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Remote Assistance (RA) vs. Remote Desktop (RD)

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  • Remote Desktop
  • Computers
  • Windows XP
Last response: in Windows XP
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Anonymous
July 30, 2005 7:15:02 PM

Archived from groups: microsoft.public.windowsxp.work_remotely (More info?)

Hello,

My question concerns Remote Assistance (RA) vs. Remote Desktop (RD) to XP
Pro desktops. Providing tech support, I am trying to see if anyone knows how
to setup RD session I initiate to a Windows XP Pro OS to "share" sessions
with the end user, other than via RA.

I know that if one goes to: My Computer, right click, properties, Remote
tab, Remote Desktop box and checks the "Allow users to connect remotely to
this computer", this computer can basically become a type of Terminal Server,
allowing users to remote in and use the computer.

Understand, I come from NetMeeting and PCAnywhere days, where when remotely
controlling a system, the user sees everything such as to train them and show
them how to, where to and why to do something on their systems. Attempting to
avoid PCAnywhere or other 3rd party software expenses, we are trying to get
RD auto-connection sessions to work in our favor - with less interaction from
the user to initiate invites, but enable them to see what we do.

With RD, when I remote in and log in (again, without invite via the user),
the users sessions are getting locked out (screen blanks then says system has
been locked). They cannot see what I do, logged in as an administrator or
logged in under their profile/account either. Further, when the RD session is
complete, users experience "local login policy disabled" errors sometimes and
find only a reboot fixes there ability to log back into a computer recently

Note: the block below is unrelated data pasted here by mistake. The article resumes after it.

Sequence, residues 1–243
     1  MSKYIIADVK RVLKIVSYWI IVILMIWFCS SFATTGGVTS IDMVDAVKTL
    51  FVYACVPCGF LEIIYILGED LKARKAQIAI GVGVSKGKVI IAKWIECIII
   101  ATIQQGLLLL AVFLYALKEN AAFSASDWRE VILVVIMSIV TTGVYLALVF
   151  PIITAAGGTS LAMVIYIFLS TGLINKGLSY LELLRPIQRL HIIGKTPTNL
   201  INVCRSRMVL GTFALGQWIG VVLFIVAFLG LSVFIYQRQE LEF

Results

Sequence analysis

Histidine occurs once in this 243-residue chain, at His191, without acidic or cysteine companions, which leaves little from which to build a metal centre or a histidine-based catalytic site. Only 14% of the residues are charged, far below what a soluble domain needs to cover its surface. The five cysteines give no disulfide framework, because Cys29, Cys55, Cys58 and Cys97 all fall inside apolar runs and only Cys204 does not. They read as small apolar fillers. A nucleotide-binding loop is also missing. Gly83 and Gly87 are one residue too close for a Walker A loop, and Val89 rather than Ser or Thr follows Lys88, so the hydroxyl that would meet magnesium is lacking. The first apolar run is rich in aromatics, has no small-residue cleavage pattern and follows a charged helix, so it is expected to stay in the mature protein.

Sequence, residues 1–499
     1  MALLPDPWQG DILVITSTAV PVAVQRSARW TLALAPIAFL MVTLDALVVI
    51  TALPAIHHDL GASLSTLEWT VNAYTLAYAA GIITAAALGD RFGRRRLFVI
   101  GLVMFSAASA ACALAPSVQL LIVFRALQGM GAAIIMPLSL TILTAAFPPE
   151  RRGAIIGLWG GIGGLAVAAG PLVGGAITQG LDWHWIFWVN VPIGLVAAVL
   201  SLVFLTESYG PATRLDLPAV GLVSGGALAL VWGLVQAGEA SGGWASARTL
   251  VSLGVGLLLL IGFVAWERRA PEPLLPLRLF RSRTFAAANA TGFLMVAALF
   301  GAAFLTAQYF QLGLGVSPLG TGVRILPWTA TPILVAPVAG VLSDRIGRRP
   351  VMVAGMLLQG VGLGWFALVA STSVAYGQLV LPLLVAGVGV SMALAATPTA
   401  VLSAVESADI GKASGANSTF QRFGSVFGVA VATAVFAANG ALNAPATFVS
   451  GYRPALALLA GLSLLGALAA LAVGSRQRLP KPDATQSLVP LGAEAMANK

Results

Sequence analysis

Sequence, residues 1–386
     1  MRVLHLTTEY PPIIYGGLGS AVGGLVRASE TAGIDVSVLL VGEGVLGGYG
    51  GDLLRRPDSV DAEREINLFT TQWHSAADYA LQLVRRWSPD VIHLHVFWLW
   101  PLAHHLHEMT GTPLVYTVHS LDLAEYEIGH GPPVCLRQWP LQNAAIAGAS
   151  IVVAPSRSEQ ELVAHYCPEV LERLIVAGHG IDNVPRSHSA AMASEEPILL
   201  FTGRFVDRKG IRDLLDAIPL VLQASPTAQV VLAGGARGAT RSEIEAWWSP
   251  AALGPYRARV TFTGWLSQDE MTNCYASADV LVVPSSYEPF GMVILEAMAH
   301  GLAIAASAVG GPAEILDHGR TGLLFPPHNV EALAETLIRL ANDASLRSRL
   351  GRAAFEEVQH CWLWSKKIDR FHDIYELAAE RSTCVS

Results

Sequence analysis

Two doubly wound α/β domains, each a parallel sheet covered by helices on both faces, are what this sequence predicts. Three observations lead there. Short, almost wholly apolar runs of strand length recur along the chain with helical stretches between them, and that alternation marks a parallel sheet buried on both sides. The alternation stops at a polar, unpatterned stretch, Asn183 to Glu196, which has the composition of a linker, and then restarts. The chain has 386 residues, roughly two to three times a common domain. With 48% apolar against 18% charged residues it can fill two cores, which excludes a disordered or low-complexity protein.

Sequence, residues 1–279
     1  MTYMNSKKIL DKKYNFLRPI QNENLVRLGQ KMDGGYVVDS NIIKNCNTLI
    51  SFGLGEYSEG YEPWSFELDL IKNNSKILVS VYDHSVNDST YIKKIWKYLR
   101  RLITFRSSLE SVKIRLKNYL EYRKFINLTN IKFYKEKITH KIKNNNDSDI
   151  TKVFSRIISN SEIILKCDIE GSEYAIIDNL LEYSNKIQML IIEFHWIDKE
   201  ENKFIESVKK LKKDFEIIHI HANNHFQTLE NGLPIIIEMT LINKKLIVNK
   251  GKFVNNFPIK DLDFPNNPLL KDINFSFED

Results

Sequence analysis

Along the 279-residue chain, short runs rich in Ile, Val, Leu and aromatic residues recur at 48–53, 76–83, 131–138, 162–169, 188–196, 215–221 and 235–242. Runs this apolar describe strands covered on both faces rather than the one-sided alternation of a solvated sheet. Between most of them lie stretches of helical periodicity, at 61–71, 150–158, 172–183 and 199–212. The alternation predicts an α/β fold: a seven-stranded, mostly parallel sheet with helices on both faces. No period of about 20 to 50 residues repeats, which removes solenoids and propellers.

RD'd by me.

Is there some configurations I cant seem to find, or perhaps some registry
hacks that can be performed to allow me as a support person to just simply RD
their systems, log in and be sharing the exact same session I am in under
with the end user, specifically for training purposes - like back with
NetMeeting and PCAnywhere?

If so, your guidance or advice on how to perform such actions would be of
great assistance.

I am flat out confused why remote assistance invites seemingly work
different than support dept initiated auto logins via RD - perhaps just the
programming intentions of Microsoft...as they are somewhat different - yet,
not really in my opinion.

Anyone care to comment, offer suggestions or input...I am open to any advice
and am comfortable with all levels of direction.

Kindest regards, iukini

More about : remote assistance remote desktop

Anonymous
July 31, 2005 5:53:06 PM

Archived from groups: microsoft.public.windowsxp.work_remotely (More info?)

iukini <iukini@discussions.microsoft.com> wrote:

> Is there some configurations I cant seem to find, or perhaps some
> registry hacks that can be performed to allow me as a support person
> to just simply RD their systems, log in and be sharing the exact same
> session I am in under with the end user, specifically for training
> purposes - like back with NetMeeting and PCAnywhere?

No, this is not what Remote Desktop does, nor what it is designed to do.

You need either Remote Assistance, or a 3rd-party product, to share the
screen with the assisted user.

Remote Assistance can be requested by the Novice. In a corporate